Corrine Zala, b. February 14, 1955 died April 26th, 2017 pictured here with “Les Walstein, my very best friend.”

BY SUE HUNTER WEIR, JANA METGE, DONNA NESTEA, and David PIEHL

Corrine Zala. A name known by so many families in this neighborhood.  We met Corrine because she sold us our homes, many our first homes. She negotiated through the stacks of paperwork which none of us understood. For years she ran the ‘Neighbors Helping Neighbors’ program out of Abbott Northwestern Hospital – a grant program for down payment assistance and for home improvements. Abbott Northwestern, being a partner and helping the Neighborhood which surrounds it.

Corrine knew that some of her first-time home buyers needed support not only to guide them through the process of purchasing a home but to help them maintain the properties that they had worked so hard to own. Long after the papers were signed and the deals were sealed she visited her clients to make sure that they had everything they needed to keep their homes in good shape.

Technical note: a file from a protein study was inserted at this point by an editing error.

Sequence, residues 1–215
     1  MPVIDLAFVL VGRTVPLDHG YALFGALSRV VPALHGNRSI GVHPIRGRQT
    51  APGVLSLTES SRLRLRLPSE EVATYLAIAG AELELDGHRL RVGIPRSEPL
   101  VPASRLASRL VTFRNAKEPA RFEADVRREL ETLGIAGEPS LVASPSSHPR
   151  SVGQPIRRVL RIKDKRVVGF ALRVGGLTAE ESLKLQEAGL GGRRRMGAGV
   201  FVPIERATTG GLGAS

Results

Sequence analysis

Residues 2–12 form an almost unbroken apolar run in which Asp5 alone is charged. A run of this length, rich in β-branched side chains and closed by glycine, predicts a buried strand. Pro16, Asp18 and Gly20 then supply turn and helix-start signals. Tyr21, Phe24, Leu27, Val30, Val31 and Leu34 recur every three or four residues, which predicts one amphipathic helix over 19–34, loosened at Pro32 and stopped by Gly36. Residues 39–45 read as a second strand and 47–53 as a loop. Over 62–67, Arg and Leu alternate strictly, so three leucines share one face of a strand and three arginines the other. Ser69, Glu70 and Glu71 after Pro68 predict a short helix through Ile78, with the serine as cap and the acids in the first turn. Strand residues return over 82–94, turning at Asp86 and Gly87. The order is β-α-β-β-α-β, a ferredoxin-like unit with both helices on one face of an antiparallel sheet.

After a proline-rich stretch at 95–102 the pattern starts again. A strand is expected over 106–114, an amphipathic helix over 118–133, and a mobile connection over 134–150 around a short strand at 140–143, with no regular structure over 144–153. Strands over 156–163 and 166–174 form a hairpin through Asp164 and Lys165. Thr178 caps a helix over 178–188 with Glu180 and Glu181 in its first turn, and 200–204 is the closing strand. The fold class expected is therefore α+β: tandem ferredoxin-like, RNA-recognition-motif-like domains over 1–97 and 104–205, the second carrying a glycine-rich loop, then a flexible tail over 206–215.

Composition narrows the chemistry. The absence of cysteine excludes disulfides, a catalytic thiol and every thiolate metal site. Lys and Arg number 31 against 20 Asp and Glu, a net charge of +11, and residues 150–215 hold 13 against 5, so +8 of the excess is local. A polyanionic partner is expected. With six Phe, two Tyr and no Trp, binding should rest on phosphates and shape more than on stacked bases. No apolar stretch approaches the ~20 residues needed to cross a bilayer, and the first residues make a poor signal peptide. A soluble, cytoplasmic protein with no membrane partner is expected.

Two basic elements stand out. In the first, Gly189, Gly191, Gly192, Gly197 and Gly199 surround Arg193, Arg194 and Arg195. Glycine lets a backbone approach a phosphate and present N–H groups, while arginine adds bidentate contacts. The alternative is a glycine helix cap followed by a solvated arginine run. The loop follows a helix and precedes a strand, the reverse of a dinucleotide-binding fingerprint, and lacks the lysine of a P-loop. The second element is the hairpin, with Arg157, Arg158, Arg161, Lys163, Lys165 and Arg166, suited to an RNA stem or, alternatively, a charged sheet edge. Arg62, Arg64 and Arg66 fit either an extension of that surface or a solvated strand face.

Then there was saving our homes from MCDA tearing them down. Corrine was known to block bulldozers from demolishing perfectly structurally sound homes.  This activism led to many policy changes.

Then there was Historic Preservation. In Central Neighborhood she helped secure resources to move homes rather than demolish them during a Park Expansion project.  She purchased a home north of the Historic Healy block on 2nd Ave and 31st Street and worked to save her home and those adjacent to hers.

Read the rest of this entry »

Share this with your friends:
  • email
  • Print
  • PDF
  • Twitter
  • Facebook
  • Tumblr
  • Digg
  • StumbleUpon
  • del.icio.us
  • Google Bookmarks
 Page 6 of 156  « First  ... « 4  5  6  7  8 » ...  Last »